As I braved the Olympic hordes to crawl into work this morning – in fact, the Jubilee line was quieter than usual – I picked up a copy of a well-known free London paper on the way in. No, not Metro. It was the other one, which claims to be ‘business with personality’. Personally, I have wondered before now whether the entire paper serves as a way for the editor to promote himself (although live on stage, he is not very impressive).
On this first full week day of the Olympics, the FT led with growing concern from foreign business leaders about the state of the UK economy. Cameron is trying to use the games to entice foreign investment into the UK, but CEOs are not idiots (by and large). They are questioning the wisdom of investing in an ailing economy, with several calling for an outright change in policy – a proper economic Plan B. Even Richard Lambert, the highly respected former head of the CBI, has called on Chancellor Osborne to change tack, pointing out that the UK’s AAA rating is now under threat from a lack of growth, rather than the need for a deficit reduction plan. The chancellor is coming under ever-mounting pressure.
In contrast, the lead story in the paper I picked up was ‘House prices on the slide’. This surprised me, as I think house prices have broadly been going sideways for a few years now, so I read the article with interest. Once again I was left despairing at the state of British journalism.
The article referred to the Hometrack house price index, which to start with is not an especially great series. Hometrack, like Nationwide and Halifax, measure house prices at the ‘mortgage approval’ stage, rather than when contracts or exchanged or transactions completed. Their data cover England and Wales, and are based on a survey of just 1,500 estate agents, who are of course one of the most honest and reliable sources of information around. (In contrast, Nationwide and Halifax actually track the loans they approve.) The Hometrack measure has also only been going since 2001 – among the pantheon of house price indices, it is not so much the little brother as the distant cousin. In terms of data sourcing, backrun and sample size, there are reasons to be cautious about taking it literally.
What is more, the article actually referred to prices falling by just 0.1% in July 2012. Yes, that’s right – prices fell by a whopping one-thousandth of their value on the month. This was the first fall for seven months.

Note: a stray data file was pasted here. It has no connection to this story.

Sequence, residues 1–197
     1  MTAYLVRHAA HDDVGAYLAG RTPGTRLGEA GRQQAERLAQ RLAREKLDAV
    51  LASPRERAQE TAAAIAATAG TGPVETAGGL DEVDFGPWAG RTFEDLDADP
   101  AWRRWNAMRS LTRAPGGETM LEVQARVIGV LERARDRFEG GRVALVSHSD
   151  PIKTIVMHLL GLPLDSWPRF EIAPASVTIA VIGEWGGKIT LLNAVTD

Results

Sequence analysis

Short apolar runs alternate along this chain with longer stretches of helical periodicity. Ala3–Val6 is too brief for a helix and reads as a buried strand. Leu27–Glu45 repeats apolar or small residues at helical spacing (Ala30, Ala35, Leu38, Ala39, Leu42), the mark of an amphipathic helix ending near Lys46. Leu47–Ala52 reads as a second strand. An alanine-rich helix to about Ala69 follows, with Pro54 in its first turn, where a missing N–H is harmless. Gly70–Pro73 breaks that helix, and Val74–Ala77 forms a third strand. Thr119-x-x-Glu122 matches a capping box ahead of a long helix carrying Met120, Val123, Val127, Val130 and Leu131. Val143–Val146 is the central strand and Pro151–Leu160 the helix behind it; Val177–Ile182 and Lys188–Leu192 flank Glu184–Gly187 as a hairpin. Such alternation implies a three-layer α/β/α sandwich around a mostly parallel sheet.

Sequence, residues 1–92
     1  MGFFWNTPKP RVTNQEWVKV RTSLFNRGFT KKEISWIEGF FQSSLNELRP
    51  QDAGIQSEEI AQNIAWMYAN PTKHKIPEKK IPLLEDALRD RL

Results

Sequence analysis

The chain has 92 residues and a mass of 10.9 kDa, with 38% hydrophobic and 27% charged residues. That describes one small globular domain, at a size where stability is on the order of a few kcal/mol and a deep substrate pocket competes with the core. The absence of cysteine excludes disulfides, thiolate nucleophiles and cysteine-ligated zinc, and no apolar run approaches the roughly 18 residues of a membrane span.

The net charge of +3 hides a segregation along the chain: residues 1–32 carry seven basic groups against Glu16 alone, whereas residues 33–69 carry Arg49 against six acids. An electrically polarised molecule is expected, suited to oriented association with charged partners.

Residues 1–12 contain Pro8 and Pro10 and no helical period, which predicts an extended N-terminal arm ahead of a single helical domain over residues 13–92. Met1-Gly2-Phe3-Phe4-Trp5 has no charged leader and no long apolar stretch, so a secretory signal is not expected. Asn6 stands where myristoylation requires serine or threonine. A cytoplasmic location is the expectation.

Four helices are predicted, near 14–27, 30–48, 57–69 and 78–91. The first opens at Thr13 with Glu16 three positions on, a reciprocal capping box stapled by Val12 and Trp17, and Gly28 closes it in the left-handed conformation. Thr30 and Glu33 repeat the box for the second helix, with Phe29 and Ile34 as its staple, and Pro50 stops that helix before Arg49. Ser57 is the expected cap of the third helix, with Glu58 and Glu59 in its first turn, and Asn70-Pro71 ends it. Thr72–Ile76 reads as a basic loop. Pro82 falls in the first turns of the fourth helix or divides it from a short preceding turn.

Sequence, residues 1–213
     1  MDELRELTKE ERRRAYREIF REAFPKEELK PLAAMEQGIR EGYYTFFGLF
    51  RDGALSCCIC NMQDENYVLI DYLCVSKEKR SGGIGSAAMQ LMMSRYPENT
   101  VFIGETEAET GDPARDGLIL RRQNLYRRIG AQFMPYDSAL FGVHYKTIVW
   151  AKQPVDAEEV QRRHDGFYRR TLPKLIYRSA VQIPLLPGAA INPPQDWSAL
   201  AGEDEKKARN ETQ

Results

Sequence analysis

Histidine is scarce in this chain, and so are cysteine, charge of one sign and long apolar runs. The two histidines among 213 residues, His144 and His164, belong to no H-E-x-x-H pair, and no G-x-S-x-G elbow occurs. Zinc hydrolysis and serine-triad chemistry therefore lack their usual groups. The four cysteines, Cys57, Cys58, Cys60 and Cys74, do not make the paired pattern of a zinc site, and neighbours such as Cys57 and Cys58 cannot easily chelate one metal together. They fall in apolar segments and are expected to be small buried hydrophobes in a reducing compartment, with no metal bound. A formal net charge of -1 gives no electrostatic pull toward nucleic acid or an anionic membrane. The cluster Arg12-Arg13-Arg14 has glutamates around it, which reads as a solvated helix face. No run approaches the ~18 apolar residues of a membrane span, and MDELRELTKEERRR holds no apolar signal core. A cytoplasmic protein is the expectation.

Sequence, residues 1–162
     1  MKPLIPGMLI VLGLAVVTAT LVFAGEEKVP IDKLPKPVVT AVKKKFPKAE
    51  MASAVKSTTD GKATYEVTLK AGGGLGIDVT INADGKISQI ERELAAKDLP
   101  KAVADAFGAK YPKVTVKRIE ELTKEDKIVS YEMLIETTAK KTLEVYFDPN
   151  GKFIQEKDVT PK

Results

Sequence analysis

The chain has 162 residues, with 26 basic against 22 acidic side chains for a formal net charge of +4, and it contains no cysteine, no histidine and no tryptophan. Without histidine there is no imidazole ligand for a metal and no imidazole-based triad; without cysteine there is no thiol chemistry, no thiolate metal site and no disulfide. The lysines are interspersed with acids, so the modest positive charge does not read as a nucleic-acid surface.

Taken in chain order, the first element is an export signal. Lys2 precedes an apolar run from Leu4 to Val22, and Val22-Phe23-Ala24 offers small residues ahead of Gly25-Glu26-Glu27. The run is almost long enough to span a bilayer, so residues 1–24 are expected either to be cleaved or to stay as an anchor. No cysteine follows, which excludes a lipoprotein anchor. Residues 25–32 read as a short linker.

Given all the debate about GDP data over the past week, most people are by now aware that there is normally some degree of statistical uncertainty around most data series. The ONS helpfully provide gauges of this in terms of information about past revisions, but also in terms of the ‘coefficient of variation’ (CV) for a data series. These latter estimates give an idea of how much noise versus how much genuine news there is in a data series. The less noise there is, the lower the CV and the more useful the data series is as a means of gauging what is actually happening. In contrast, if there is lots of noise in the data, and the CV is high, drawing any sort of inference can be very difficult.
Using data since 2002, I estimate that the CV in the Hometrack price index is around 5. If anything, this figure is likely to suffer from downward bias – ie be too low – given the sample size. A CV of 5 is pretty high, and suggests that the Hometrack house price index has an awful lot of noise in it. Drawing any particular message from the data will therefore be difficult, and any sensible analyst would be very cautious about coming to any conclusions from one month’s data.
None of this stopped City AM, of course. They took a tiny fall in a minor house price index in one month, which was well within the normal range of noise and uncertainty for that data series, and ran with it as their main headline. Not for the first time, I find myself wishing that we had journalists that actually understood statistics reporting the news.
Image by Bobbie Johnson from San Francisco, USA (Today's Front Pages: January 23) [CC-BY-SA-2.0 (http://creativecommons.org/licenses/by-sa/2.0)], via Wikimedia Commons